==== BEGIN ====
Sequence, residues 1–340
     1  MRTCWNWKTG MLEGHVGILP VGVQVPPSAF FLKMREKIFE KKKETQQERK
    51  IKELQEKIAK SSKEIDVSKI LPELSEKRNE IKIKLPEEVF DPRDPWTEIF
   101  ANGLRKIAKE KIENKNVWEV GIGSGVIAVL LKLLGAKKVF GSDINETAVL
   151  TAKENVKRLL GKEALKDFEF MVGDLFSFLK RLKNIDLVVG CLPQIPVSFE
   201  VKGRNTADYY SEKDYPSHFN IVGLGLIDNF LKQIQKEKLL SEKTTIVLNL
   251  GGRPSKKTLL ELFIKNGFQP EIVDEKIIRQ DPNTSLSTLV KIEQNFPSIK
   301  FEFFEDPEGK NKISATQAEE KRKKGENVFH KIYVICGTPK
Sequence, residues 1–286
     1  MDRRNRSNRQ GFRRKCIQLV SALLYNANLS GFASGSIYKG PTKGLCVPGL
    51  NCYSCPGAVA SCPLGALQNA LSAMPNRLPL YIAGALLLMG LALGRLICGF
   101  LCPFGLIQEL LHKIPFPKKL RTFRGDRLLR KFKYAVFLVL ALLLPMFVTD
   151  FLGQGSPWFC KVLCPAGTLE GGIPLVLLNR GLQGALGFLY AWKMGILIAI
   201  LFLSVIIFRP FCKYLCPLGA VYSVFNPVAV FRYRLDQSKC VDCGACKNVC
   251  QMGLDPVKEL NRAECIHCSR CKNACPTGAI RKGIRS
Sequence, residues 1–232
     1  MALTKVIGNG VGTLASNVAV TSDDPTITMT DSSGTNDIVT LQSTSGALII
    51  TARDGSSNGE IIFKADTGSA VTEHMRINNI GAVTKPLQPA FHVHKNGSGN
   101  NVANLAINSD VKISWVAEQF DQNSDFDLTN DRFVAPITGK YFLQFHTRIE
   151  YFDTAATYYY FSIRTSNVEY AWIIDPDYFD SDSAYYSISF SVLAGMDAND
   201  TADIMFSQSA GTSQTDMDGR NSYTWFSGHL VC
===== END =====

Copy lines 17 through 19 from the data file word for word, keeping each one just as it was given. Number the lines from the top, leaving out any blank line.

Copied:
     1  MALTKVIGNG VGTLASNVAV TSDDPTITMT DSSGTNDIVT LQSTSGALII
    51  TARDGSSNGE IIFKADTGSA VTEHMRINNI GAVTKPLQPA FHVHKNGSGN
   101  NVANLAINSD VKISWVAEQF DQNSDFDLTN DRFVAPITGK YFLQFHTRIE